The assessment process, that is, the process of examining whether "good grounds" exist, focuses on the methodologies the witness used to reach the opinion he or she will express, not the scientific correctness of the opinion. It is not part of the trial judge's gatekeeping role to determine whether the proffered opinion is scientifically correct or certain in the way one might think of the law of gravity.The gatekeeping role is addressed to mere evidentiary admissibility; it is the fact-finder's role (usually a jury) to determine whether the opinion is correct or worthy of credence.For the trial court to overreach in the gatekeeping function and determine whether the opinion evidence is correct or worthy of credence is to usurp the jury's right to decide the facts of the case. All the trial judge is asked to decide is whether the proffered evidence is based on "good grounds" tied to the scientific method.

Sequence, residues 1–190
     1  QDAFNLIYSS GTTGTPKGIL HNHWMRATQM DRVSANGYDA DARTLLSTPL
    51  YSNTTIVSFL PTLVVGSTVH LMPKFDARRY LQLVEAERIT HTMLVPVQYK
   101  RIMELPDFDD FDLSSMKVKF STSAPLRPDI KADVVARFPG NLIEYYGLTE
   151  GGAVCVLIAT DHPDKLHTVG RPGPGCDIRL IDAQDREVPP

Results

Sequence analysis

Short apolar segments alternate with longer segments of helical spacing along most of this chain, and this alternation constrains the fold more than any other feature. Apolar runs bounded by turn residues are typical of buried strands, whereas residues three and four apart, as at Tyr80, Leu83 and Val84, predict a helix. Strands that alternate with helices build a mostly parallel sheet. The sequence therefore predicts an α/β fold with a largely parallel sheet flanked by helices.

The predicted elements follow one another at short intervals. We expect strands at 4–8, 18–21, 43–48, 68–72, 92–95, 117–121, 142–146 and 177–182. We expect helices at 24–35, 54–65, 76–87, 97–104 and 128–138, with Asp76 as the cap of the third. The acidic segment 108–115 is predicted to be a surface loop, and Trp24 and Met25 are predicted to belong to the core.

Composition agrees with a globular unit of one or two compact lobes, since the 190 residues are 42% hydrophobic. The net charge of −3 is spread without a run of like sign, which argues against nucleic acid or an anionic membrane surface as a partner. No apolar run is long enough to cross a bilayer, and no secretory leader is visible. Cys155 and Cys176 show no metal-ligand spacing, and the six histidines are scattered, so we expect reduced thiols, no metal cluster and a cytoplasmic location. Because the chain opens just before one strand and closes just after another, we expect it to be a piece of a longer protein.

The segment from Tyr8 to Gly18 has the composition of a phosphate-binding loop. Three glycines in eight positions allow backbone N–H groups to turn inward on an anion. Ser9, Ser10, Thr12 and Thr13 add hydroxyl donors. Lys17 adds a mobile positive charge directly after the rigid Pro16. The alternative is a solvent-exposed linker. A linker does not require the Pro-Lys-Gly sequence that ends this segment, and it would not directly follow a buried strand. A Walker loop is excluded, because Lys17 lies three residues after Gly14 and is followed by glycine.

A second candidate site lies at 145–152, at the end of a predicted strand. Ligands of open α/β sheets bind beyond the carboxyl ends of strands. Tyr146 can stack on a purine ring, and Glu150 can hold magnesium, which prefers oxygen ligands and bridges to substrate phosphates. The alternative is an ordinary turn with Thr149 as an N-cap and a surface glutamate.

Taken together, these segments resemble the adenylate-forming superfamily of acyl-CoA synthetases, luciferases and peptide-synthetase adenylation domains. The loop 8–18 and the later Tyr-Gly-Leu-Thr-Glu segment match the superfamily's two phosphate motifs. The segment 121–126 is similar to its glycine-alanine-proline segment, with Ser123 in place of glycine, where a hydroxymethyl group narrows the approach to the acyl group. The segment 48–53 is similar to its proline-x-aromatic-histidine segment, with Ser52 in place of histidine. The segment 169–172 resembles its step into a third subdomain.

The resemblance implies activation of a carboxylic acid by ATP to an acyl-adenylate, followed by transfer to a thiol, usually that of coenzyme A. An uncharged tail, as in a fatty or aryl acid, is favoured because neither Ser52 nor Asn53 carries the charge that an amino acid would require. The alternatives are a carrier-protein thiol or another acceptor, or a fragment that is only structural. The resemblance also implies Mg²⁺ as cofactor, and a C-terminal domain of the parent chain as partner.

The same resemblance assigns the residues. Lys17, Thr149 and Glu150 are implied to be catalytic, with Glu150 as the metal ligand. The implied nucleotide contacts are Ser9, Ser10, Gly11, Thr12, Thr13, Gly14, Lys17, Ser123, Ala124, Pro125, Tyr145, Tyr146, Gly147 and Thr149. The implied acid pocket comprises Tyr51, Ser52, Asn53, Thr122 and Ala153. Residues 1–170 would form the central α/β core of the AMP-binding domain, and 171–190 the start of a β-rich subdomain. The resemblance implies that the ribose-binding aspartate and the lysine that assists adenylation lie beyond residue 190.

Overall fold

Application of Daubert in this Case

The court is satisfied that the proffered opinion — that Melissa Globetti's AMI was caused by an arterial spasm arising from the vasoconstrictive effects of the Parlodel she was taking — is based on "good grounds" tied to the scientific method and that it possesses sufficient evidentiary reliability (that is, trustworthiness) that a jury should be allowed to consider it in the determination of the facts of this case.[8] In the words of Daubert, that opinion is an idea inferred from such facts as are scientifically known and established through appropriate scientific methodologies.